I often have a quick cup of coffee at the camp. I will then take my fask and have my next couple of cups at waterholes.

Once, I was having my coffee at a dead waterhole on the S140, I was about to drive away and decided to just wait a couple of minutes. Then....

Image

Again, I think that the uncanny silence of the "dead" waterhole spoke to me.

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 Post subject: Re: Sixth Sense
Unread postPosted: Sun Sep 20, 2009 9:34 am 
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The sixth sense thing is so true. We were driving on the road parrallel to Sabie river from Lower Sabi. I wanted to turn back as the road was too quiet for my liking and i wanted action that morning. Something stirred me on to carry on just up one more hill and just as we went into a dip and came out of it in the road were 3 cheetah. They were very thin and obviously hungry and on the lookout. It was almost lunch time so very hot. We were the only car following them. We followed them for at least half an hour whereafter they veered off into the bushes. Once again on the road as you cross over the bridge near Lower Sabi, instead of going left on the dirt road we drove straight. After 10 min I wanted to turn back but my sister said we should carry on. Just then a caracal crossed the road. What a sighting and she said she had a feeling we were going to see something unusual.

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 Post subject: Re: Sixth Sense
Unread postPosted: Sun Sep 20, 2009 9:52 am 
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:hmz: wonder if we can owe this to the fact that we're predators that sometimes become prey..? (This is a retorical question)

The sixth sense has delivered some good results; although it hasn't always guaranteed a predator sighting - sometimes there's just an elephant up the road :wink:

8) topic!

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 Post subject: Re: Sixth Sense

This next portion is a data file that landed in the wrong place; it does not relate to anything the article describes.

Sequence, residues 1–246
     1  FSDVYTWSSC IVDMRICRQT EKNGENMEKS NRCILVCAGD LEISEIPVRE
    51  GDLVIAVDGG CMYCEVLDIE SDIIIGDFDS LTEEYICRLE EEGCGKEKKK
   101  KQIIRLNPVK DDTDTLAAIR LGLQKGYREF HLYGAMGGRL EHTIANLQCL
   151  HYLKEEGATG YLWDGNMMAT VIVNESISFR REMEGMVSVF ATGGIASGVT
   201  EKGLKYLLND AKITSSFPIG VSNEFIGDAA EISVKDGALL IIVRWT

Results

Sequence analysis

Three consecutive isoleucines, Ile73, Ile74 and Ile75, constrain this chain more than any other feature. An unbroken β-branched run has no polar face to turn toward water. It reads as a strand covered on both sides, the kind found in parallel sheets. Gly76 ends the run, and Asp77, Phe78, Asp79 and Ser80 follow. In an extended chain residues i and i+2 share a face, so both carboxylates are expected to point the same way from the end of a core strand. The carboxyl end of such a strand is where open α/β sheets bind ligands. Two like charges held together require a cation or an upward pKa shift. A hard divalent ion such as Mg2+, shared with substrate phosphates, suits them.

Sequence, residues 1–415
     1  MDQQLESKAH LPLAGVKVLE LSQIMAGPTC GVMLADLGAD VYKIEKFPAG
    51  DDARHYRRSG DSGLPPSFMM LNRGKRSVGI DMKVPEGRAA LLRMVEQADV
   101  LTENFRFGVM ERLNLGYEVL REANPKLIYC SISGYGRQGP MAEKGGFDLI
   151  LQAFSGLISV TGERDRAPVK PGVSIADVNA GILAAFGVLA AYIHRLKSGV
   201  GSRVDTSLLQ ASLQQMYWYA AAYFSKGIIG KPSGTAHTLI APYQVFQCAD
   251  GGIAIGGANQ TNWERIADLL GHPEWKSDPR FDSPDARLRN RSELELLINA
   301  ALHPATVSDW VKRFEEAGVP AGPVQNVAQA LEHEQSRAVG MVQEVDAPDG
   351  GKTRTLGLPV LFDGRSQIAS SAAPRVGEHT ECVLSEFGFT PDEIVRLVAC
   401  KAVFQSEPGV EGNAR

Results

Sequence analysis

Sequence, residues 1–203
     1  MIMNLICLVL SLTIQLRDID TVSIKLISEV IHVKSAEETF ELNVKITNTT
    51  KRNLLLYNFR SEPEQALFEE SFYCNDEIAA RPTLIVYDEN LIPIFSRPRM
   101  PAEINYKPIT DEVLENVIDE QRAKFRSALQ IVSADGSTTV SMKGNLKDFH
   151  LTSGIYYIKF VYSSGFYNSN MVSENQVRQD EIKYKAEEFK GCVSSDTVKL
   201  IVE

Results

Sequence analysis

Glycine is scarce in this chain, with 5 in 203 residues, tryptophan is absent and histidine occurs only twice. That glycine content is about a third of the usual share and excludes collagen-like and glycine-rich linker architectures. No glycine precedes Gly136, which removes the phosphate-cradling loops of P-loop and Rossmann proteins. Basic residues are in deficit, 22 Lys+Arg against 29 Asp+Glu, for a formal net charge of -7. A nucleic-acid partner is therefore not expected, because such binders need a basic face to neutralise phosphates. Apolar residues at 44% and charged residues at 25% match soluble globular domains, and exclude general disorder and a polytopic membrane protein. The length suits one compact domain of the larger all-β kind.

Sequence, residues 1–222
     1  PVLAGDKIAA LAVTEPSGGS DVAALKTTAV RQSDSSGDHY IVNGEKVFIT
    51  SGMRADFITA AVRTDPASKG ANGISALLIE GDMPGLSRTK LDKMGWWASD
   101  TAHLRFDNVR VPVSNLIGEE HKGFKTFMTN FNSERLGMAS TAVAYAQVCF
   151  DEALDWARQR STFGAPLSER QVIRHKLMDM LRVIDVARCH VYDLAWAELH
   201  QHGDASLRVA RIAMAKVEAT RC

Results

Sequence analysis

Unread postPosted: Sun Sep 20, 2009 10:25 am 
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Intuition, sixth sense, what ever you call it is probably a sum of lots of little indications that we pick up from the surroundings, not realising that we have noticed anything. If we sit down and analyse what is happening all around us ( and with a little help from MM) we might be able to explain it rationally, but the mistery and unknow forces are much more thrilling :wink:

Do we say before something happens: My sixth sense tells me to turn left and oops a leopard or is it afterwards that we say: I knew it, I had a certain feeling.... :hmz:


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 Post subject: Re: Sixth Sense
Unread postPosted: Sun Sep 20, 2009 11:02 am 
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:lol: Micetta; I have taken the Mahonieloop clockwise - to get halfway and be told by tourists that the lions were lying in the road if you had gone anti-clock wise! Oops! :lol:

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There is nothing like looking, if u want to find sumthing. You certainly usually find sumthing, if u look, but it is not always quite the sumthing you were after. - JRR Tolkien.


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 Post subject: Re: Sixth Sense
Unread postPosted: Sun Sep 20, 2009 11:23 am 
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I believe in the 6th sense...sometimes something inside of you just tells you to do something and amazingly it's right!

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 Post subject: Re: Sixth Sense
Unread postPosted: Sun Sep 20, 2009 3:13 pm 
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Micetta has a very pertinent point in saying that we often interpret sixth sense "after the fact". We are always seeking to understand our world.